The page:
In the last five years, Europe has suffered some extreme summer droughts. Although the continent’s temperate climate made these far milder than those elsewhere in the world, they were still probably the worst in more than 2,000 years – perhaps much longer.
"We're all aware of the cluster of exceptionally hot and dry summers we've had over the past few years, but we needed precise reconstructions of historical conditions to see how these recent extremes compare to previous years," Professor Ulf Büntgen of Cambridge University said in a statement.
Tree rings’ width can famously be used to determine the quality of past growing seasons, but we can learn even more from what is contained within. In Nature Geoscience, Büntgen and colleagues track summer rainfall in the Czech Republic and south-eastern Germany by independently measuring carbon and oxygen isotope ratios from each tree ring in 147 living and dead oak trees – 27,000 ratios in all. The ratio of light to heavy carbon isotopes in a tree ring is determined by the amount of photosynthesis occurring in the year it was laid down, while oxygen ratios depend on the amount of water stress the tree was experiencing. Combined, these provide a more sophisticated measure of seasonal conditions than ring width alone.
The samples were taken from oak trees both living and dead – the oldest of which dated back 2,110 years, to before Julius Caesar invaded Britain – with each year in that time represented by an average of 7.2 trees.
"Generally, our understanding is worse the further back we go back in time, as datasets looking at past drought conditions are rare," Büntgen said. Although the geographic range was limited, the fact this sample included so many data points from pre-medieval times makes it an important addition to our knowledge of long-term European climate, and the recent years match well with the instrumental record.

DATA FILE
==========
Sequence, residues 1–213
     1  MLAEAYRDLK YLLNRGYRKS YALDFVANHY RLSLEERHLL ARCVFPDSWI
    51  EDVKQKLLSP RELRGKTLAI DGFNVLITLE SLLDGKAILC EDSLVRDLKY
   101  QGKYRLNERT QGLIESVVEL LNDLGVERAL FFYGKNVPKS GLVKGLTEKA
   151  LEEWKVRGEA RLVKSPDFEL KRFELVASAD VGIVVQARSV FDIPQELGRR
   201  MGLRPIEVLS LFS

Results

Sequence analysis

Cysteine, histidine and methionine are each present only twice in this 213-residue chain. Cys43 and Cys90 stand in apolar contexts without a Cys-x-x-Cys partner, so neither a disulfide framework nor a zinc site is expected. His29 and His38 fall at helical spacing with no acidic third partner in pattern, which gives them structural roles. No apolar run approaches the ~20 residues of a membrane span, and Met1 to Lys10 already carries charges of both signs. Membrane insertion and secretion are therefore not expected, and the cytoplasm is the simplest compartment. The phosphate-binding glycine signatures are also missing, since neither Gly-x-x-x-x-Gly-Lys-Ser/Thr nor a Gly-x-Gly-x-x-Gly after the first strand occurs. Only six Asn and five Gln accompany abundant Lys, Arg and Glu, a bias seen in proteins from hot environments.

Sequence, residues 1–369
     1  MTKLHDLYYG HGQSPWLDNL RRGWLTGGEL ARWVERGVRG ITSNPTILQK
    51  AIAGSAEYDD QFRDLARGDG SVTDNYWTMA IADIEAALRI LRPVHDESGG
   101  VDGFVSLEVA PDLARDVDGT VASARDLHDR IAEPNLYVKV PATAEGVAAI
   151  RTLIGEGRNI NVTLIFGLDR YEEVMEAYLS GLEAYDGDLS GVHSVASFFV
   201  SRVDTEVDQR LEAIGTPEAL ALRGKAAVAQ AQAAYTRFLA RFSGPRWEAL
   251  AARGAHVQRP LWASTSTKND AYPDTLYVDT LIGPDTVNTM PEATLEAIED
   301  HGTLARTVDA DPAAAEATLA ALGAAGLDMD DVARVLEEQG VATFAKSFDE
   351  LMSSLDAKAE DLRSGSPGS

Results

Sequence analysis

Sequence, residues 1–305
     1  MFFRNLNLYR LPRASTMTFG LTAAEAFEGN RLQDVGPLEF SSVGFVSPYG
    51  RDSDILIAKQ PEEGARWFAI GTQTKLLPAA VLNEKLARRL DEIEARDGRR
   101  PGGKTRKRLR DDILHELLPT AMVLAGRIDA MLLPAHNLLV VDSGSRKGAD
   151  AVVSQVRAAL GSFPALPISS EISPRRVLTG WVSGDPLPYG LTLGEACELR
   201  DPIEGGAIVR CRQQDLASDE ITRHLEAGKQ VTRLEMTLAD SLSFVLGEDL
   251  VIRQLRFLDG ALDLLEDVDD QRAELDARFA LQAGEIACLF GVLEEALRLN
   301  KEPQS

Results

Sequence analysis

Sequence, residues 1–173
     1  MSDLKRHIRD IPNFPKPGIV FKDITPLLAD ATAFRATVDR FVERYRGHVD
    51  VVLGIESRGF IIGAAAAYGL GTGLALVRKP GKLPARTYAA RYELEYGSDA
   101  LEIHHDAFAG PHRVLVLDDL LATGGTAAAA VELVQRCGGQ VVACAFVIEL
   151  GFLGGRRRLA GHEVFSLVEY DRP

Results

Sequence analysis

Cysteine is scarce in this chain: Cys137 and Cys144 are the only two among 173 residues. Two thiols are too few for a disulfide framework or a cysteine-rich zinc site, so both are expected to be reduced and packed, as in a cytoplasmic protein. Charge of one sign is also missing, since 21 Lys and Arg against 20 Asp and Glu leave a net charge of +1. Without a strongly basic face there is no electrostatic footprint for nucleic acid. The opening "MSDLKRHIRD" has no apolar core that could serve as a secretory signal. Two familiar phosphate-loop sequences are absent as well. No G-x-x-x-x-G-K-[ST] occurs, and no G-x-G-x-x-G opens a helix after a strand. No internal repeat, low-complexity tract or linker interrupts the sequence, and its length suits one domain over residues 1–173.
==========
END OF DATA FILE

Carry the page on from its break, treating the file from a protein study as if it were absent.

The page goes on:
Büntgen and co-authors found some extreme examples of dry summers in the region, most matching known records of droughts, which sometimes changed the course of history. Yet 2016-18 were three of the five driest years in that entire time.
"We've seen a sharp drop following centuries of a slow, significant decline, which is particularly alarming for agriculture and forestry," said co-author Professor Mirek Trnka of the CzechGlobe Research Centre. Although the trend in one part of Europe isn’t necessarily indicative of what is happening elsewhere, Trnka noted that "Unprecedented forest dieback across much of central Europe corroborates our results."
It will be much harder to find out what conditions were like in previous millennia, with most specimens having rotted away. Nevertheless, it’s at least possible that central Europe just suffered its driest series of summers since the last Ice Age.
Büntgen’s findings are yet another sign the world’s recent weather is out of step with the conditions in which civilization has flourished. They come on the heels of evidence the Gulf Stream, whose warm waters keep the climate of Northern Europe comfortable, is now the weakest it has been for more than 1,000 years.
"Climate change does not mean that it will get drier everywhere: some places may get wetter or colder, but extreme conditions will become more frequent, which could be devastating for agriculture, ecosystems and societies as a whole," Büntgen said.